87-year-old Calgary woman steps up to help fellow kidney patients

In the News: Learn more about this year’s Kidney March and meet Sylvia and Kasthon as they gear up to take on their own 100 KM journeys with tremendous support! Check out the Global News story by clicking the image below to view the video. 
Thank you kidney community for stepping up to show our Kidney March spirit!

“Organizers of this year’s Kidney March have had to make some changes because of the COVID-19 pandemic. But as Gil Tucker shows us, they’re getting some great support from a very determined patient.” –  Global News Calgary 


Cancelling ‘Not an Option’ for Kidney March 2020
Kidney March is going ahead in an exciting new format for 2020, keeping in theme with their annual motto “Failure is Not an Option.” This will be the 11th year for the three-day, 100-kilometre event held every September in the Calgary area and foothills of the Rocky Mountains.

The true impact of Kidney March, is beyond the numbers, it’s made up of every participant’s powerful story and the incredible impact is has on the lives of Canadians living with Kidney disease.

Meet Marcher Sylvia Shields, an 87-year-old kidney patient from Calgary. This year’s new virtual format will allow her to participate, and she is taking full advantage of it. She will be walking her 100 KM down the halls of her condo building the Aviemore in Calgary, with the help and encouragement of the other condo residents. Specifically, she will be cheered on by her core group of supporters and fellow Kidney Foundation volunteers known as the Aviemore Angels. She plans to walk about 2.6 kilometres per day, “Each floor is about 1.3 kilometres, so if I circle it twice, that will give me the distance I need per day. If it is nice out, and my health allows it, I will walk outside too.” Due to her health conditions, there was no way for her to participate in the outdoor, 3-day, 100 KM event in the past. “This is a wonderful opportunity for me to make a difference,” Sylvia said with excitement in anticipation of the challenge she is about to take on. Sylvia lost one of her kidneys early in her twenties and with only 11% kidney function remaining, she is now facing kidney failure, but Sylvia tells us that will not stop her from participating in Kidney March. “With the support of the Kidney Foundation, I have discovered unlimited resources that have allowed me to maintain a healthier lifestyle. Although we are living through unprecedented times, I am determined to do my part to give back to a foundation that has helped me and millions of Canadians.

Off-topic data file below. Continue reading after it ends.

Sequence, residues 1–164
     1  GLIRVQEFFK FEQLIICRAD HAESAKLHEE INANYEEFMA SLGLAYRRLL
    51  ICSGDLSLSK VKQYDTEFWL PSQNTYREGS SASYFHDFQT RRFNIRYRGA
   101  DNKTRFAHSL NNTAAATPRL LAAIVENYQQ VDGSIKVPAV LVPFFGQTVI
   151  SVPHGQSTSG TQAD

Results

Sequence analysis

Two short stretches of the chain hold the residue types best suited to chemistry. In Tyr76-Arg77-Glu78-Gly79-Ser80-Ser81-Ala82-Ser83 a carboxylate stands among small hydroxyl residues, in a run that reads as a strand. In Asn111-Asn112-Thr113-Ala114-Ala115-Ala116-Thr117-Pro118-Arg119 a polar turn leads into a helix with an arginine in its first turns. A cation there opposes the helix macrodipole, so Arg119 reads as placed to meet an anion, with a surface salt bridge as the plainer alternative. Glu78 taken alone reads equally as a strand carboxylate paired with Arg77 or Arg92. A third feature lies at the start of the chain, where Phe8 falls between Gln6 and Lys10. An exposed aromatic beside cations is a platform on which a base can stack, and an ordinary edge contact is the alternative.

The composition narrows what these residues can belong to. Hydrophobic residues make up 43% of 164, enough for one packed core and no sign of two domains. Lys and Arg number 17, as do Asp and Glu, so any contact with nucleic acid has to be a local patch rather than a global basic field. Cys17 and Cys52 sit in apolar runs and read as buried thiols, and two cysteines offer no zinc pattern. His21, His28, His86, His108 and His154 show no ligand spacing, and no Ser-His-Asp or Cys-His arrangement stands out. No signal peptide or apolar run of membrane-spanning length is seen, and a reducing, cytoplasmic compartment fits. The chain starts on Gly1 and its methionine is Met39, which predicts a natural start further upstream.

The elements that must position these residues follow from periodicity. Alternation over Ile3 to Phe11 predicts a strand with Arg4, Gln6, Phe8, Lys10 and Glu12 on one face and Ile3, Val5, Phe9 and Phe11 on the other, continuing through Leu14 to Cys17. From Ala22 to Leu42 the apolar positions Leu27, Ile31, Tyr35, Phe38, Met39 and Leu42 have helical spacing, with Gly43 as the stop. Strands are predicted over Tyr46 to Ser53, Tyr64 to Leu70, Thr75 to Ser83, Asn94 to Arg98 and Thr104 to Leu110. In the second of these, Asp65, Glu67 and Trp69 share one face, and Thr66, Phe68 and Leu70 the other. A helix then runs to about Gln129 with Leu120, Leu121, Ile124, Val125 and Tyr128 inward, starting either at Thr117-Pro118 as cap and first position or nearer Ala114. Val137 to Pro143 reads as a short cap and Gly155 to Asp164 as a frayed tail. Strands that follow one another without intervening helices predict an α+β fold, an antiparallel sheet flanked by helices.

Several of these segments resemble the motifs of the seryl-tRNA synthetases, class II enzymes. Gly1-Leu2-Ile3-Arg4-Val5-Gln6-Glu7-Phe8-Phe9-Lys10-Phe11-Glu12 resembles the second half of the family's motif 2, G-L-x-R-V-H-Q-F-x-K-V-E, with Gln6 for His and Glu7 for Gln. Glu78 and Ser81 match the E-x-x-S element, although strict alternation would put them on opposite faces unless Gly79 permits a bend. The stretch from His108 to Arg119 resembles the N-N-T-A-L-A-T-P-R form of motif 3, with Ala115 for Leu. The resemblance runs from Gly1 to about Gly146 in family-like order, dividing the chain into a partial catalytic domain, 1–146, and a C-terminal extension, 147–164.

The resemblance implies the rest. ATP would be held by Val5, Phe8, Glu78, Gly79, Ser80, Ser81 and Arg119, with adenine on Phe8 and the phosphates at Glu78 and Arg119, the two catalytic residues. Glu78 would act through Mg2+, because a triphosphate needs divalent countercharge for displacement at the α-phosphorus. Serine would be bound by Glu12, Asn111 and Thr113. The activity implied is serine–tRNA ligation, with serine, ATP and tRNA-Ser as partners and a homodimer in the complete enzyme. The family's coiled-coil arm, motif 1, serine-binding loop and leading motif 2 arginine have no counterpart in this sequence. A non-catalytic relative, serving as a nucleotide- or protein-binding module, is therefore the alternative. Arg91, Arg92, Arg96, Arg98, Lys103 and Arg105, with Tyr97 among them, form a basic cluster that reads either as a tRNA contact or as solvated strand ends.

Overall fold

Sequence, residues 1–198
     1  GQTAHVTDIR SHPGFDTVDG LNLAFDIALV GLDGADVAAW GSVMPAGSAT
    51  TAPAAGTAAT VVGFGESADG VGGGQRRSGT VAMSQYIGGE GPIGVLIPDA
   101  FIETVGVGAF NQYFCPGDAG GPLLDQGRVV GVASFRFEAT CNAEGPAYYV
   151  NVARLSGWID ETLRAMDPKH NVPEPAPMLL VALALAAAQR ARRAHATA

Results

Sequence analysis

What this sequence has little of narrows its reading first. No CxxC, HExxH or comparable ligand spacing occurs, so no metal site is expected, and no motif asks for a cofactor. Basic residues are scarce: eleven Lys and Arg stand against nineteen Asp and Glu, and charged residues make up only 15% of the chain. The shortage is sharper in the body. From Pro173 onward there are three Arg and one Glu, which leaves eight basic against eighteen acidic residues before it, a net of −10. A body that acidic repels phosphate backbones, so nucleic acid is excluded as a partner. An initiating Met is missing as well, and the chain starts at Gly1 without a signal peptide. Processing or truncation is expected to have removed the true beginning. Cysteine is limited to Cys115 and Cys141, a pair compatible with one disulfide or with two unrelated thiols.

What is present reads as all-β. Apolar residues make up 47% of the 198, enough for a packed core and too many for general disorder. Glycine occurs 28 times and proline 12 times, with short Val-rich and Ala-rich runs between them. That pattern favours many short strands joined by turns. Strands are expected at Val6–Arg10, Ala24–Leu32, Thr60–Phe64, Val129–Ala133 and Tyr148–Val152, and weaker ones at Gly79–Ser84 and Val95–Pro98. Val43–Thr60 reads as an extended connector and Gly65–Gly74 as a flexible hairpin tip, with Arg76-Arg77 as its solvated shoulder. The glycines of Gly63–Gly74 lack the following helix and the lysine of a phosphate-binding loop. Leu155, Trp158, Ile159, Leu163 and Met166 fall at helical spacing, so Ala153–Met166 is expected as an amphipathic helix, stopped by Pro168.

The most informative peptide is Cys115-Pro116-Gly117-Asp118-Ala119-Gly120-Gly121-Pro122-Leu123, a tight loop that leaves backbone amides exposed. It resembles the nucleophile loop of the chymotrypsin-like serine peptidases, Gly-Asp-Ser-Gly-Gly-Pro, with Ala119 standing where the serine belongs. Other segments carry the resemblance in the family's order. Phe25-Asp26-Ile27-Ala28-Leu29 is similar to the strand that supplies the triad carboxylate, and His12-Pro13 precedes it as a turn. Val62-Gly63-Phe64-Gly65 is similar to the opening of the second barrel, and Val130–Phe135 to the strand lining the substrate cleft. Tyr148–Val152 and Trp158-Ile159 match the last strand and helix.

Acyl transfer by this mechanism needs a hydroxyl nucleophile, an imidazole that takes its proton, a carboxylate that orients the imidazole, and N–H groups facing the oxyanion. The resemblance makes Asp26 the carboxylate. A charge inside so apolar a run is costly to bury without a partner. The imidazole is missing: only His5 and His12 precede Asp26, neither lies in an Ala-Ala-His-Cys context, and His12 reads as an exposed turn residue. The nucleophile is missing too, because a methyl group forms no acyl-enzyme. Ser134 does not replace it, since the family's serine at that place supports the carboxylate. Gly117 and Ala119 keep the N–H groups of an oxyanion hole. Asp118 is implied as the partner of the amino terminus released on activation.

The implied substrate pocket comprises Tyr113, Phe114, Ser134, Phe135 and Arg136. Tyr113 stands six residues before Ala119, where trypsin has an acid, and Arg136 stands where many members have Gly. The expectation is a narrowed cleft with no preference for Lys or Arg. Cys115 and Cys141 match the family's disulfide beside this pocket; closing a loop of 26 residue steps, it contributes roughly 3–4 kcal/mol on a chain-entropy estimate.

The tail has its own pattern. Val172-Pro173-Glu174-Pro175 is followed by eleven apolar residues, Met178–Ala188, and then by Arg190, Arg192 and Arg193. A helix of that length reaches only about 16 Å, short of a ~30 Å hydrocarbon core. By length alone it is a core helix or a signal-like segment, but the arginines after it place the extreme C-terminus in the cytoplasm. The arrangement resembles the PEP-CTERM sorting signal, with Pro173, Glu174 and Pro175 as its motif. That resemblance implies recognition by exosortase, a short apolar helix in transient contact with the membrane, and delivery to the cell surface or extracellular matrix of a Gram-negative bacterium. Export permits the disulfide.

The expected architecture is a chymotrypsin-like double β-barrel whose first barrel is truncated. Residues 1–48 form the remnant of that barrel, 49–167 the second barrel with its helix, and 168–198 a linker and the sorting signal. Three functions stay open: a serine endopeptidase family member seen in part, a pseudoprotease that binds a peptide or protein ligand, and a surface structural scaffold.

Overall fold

Meet Brynn! Our amazing summer student, who also knows the hardships of kidney disease

September 10 - Brynn 1It’s Day Zero! We wanted to introduce you to a new face on the 2015 Kidney March Team you’ll be seeing this weekend, Brynn. She is our AMAZING 2015 summer student who has been working hard all summer for the best weekend of the year, Kidney March. Brynn shares with us why working as part of Kidney March is so important to her and her connection to kidney disease.

For 22 years my Grandfather was on at-home dialysis while my Grandmother lovingly took care of him. Twelve or so years ago my Uncle had a kidney donated to him by a coworker. Three years ago this past June marks the date of my Father’s successful transplant. And six years ago, I too was diagnosed with Polycystic Kidney Disease.

The way this disease seems to affect my family, focuses on onset at a later age. For example, my kidneys look like the surface of a Sunday afternoon bubble bath under an ultrasound with all the cysts covering them, however their function is currently, miraculously fine. The same goes for my Father who was diagnosed at 21 years of age, and who didn’t really have to worry about watching the number of bananas he’d put in his smoothies until his mid to late forties.